Lauren Erbach Barnfield ’07 found herself searching for a meaningful way to do something positive with her extra time at home during the pandemic. After some thought, she decided to create a Diverse Little Free Library in her community. She said that Clarke instilled a lot of the tools she has needed to be successful in tackling challenges in her life and moving forward to create something positive.
Erbach Barnfield said, “I’m a mom who wants a better world for her kids, who are ages three and two. I grew up in a very white suburb of Chicago. I’m a non-profit professional, a Clarke grad, an avid reader, feminist, and activist. I’m a mother, a friend, a wife, a Hanson fan. I am determined.”
She continued, “I have tremendous privilege. While I’ve been aware of this, I am only beginning to realize the extent to which that is true. I’ve been reading, and learning, and listening. I’ve also been trying to find something I can do to make a difference, however small, in this world.”
Erbach Barnfield and her family live in a beautiful little suburb just across the street from Chicago, on the north side. They fell in love with their home and also the incredible population of immigrants that have settled there. As of 2017, 30.7% of Norridge residents were born outside the U.S., compared to a national average of 13.7%.
Despite this diversity, Norridge, like most of Chicago’s north side, is overwhelmingly (97%) white.
Barnfield said, “I think often about what kind of impact it will have on my children to grow up in a neighborhood where almost everyone looks like them. Our bookshelves at home and the media we consume is intentionally diverse and features lots of strong women, LGBTQ characters, and people with disabilities. But we can always do and be better. We will make it a point to seek out new experiences and explore different neighborhoods.”
And, to make a small impact on her own neighborhood, Erbach Barnfield has begun working to cultivate a Diverse Little Free Library. As of August 8, it will have its home in her front yard, and she will intentionally stock it with books written by and featuring people of color, women, and other minority groups. She plans to include books for both children and adults, but her primary focus is children’s books.
She believes strongly that building an anti-racist, inclusive foundation in children starts at a young age. Their home libraries should reflect the diversity they will see in the world. If their neighborhood is not diverse, she thinks it’s even more important to get exposure to people who don’t look like they do or have the same life experiences. Sometimes the littlest things can make the biggest difference.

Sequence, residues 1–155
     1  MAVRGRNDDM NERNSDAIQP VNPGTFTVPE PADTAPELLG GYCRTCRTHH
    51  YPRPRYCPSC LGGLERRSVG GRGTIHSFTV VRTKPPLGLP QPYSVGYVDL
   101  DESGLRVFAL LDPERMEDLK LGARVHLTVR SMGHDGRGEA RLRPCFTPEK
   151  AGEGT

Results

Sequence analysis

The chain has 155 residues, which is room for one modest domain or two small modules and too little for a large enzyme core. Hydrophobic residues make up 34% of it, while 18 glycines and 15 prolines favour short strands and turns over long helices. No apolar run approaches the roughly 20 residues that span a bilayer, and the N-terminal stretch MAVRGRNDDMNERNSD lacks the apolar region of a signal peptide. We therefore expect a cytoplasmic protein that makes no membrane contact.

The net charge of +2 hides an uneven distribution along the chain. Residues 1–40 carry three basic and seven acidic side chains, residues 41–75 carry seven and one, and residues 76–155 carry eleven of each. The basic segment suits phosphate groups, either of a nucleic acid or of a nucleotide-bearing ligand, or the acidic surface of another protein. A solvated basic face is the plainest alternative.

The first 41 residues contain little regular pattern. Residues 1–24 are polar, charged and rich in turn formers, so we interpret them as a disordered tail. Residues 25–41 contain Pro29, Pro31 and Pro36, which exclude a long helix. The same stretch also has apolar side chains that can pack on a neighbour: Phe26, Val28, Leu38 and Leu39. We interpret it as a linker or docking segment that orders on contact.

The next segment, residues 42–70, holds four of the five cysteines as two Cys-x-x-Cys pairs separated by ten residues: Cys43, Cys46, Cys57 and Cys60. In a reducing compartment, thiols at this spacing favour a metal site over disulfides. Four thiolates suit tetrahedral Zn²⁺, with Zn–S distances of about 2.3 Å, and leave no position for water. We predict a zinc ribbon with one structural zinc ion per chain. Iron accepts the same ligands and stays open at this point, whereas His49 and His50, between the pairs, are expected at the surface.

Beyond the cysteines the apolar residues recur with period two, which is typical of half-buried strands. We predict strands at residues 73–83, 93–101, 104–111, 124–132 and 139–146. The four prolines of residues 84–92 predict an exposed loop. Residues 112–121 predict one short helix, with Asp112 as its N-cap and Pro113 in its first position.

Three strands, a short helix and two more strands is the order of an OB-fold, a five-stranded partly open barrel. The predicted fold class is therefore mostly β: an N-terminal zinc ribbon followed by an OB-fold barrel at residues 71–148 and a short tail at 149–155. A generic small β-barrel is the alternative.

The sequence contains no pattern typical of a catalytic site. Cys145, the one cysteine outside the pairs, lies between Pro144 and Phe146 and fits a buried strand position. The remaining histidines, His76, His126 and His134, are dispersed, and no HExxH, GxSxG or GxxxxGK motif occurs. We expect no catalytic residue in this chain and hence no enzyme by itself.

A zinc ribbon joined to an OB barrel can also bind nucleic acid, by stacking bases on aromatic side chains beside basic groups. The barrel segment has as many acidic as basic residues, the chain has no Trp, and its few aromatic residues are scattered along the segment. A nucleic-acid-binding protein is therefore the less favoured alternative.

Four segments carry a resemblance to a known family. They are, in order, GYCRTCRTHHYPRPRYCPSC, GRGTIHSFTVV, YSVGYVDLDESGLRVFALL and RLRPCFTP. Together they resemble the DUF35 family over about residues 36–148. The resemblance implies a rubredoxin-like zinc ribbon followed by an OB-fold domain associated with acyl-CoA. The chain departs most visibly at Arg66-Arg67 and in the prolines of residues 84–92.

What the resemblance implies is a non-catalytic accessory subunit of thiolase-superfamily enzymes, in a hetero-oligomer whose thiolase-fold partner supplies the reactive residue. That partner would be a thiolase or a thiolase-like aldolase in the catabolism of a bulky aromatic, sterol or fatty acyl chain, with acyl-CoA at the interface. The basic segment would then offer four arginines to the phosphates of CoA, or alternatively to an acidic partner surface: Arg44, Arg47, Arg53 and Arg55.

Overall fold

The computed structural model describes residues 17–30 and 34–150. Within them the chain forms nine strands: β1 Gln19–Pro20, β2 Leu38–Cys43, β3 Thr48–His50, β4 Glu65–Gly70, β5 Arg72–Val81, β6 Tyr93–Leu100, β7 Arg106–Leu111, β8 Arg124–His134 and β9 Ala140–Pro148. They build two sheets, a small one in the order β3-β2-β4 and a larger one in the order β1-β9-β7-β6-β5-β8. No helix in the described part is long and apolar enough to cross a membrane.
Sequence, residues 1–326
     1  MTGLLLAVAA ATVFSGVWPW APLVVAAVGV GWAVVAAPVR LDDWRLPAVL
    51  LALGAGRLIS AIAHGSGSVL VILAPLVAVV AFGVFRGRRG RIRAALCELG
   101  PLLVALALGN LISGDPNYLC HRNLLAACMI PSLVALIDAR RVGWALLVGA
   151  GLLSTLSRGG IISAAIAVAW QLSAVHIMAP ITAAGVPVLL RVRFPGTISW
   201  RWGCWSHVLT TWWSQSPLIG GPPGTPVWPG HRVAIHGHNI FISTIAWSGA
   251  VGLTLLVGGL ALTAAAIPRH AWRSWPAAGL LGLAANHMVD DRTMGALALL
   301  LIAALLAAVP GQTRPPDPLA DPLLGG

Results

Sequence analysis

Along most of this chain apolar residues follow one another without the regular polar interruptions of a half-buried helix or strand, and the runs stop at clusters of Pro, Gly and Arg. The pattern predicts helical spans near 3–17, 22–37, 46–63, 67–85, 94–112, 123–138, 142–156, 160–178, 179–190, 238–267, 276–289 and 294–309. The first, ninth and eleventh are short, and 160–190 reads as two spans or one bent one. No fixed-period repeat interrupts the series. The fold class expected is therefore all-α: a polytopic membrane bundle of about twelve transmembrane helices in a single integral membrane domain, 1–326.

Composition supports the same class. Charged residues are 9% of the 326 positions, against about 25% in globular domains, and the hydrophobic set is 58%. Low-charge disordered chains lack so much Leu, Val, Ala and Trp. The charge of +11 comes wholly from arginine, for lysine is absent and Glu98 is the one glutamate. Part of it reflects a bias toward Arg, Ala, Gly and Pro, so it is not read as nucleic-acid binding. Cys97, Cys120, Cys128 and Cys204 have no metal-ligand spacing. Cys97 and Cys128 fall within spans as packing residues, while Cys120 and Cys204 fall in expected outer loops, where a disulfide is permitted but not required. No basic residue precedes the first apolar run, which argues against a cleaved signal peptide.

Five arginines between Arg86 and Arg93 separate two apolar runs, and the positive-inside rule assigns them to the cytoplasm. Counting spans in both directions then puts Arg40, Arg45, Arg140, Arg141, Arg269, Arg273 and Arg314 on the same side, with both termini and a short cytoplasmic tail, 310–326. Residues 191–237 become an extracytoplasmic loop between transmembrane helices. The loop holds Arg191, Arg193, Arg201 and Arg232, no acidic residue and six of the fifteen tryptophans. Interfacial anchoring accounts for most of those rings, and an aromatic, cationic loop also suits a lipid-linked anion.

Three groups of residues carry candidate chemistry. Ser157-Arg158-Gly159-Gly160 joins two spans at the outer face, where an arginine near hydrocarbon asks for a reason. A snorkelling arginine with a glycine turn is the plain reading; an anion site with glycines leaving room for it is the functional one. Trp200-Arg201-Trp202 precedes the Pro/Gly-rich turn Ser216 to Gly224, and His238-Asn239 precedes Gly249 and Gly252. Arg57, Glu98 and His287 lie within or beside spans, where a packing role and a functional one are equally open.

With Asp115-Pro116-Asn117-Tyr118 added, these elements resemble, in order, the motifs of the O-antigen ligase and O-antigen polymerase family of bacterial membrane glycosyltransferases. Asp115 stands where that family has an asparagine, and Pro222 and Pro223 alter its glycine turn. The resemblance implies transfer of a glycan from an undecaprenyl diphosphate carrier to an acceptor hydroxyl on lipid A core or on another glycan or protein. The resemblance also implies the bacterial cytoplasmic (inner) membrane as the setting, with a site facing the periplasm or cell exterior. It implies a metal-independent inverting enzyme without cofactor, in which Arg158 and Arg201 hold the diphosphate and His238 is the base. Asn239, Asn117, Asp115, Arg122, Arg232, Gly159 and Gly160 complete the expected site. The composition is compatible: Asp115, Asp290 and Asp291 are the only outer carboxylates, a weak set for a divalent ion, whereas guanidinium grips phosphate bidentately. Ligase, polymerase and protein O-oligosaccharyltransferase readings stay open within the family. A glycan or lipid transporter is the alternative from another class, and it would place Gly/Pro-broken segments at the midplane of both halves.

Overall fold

Private donations from family and friends allowed for the library to be purchased and stocked with books purchased from Semicolon, a Chicago-based, Black woman-owned bookstore. So far, over 100 books have been donated, and she has raised enough funds to cover the cost of a well-built library designed to survive the harsh Chicago winters. Opening weekend August 8 – 9. It is her hope that she will collect enough books to keep the library, as well as other Little Free Libraries in the Chicagoland area, well-stocked with diverse books for years to come. A bookplate inside each book reads, “This Diverse Little Free Library books was chosen with love. Please add it to your home library and treat it with care. When you’re finished, return it to a Little Free Library so others can enjoy it.”
Erbach Banfield shared, “My time at Clarke, specifically in the Education Department, taught me to value the stories of others. Some of my more memorable experiences include the lessons I learned in Paula Schmidt’s special education classes, where I learned to value all points of view – from the student to the parent – and to have empathy for those whose life does not look like mine. At Clarke, I saw tremendous examples of the ways one person can make a difference, and was encouraged to give back to the local community. My time at Clarke shaped who I am today, and my elementary and special education classes fostered a love of learning and education that has outlasted my teaching career and given me skills that I utilize in all facets of life.”She also notes that this project is heavily inspired by Sarah Kamya @LittleFreeDiverseLibraries who she found on Instagram. Kamya, who is based in Massachusetts, has raised more than $13,000 to send diverse books all over the country.
For more information on Erbach Banrnfield’s Diverse Little Free Library, please visit the library’s Facebook page.